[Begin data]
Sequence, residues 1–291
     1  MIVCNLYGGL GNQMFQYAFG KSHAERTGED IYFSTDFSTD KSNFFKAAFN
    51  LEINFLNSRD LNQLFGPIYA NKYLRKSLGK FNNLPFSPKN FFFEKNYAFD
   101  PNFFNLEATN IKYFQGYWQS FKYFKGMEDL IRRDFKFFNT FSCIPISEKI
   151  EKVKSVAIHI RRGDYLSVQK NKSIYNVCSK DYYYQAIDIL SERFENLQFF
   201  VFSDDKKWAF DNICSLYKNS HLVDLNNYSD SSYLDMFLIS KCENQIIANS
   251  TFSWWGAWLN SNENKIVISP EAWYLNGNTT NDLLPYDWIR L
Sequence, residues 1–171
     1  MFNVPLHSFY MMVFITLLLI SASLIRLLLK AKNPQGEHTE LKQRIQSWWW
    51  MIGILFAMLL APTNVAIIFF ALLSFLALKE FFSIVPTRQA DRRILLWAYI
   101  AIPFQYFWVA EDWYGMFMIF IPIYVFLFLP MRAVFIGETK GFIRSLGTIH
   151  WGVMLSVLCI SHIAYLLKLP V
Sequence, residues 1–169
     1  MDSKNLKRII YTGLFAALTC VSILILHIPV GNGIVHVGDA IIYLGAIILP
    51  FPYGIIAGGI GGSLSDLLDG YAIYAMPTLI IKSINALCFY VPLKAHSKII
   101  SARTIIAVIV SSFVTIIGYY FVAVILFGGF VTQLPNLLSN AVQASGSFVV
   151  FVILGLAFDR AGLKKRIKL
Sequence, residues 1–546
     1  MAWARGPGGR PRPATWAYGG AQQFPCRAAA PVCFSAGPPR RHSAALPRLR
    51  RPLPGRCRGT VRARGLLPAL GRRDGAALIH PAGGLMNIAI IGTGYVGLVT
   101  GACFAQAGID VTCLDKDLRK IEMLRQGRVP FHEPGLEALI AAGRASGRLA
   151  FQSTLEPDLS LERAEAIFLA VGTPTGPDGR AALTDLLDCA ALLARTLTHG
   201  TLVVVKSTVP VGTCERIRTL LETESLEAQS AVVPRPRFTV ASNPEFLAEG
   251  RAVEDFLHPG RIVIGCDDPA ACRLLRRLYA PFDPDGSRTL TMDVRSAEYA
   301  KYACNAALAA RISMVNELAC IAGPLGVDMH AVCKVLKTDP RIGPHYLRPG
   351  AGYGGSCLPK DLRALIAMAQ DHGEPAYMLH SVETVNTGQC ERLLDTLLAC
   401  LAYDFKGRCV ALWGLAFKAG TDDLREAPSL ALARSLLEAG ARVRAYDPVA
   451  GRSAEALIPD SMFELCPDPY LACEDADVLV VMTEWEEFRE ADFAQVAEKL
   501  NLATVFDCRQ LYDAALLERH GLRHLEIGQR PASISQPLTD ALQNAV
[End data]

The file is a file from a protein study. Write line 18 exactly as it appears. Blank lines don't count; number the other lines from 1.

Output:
Sequence, residues 1–546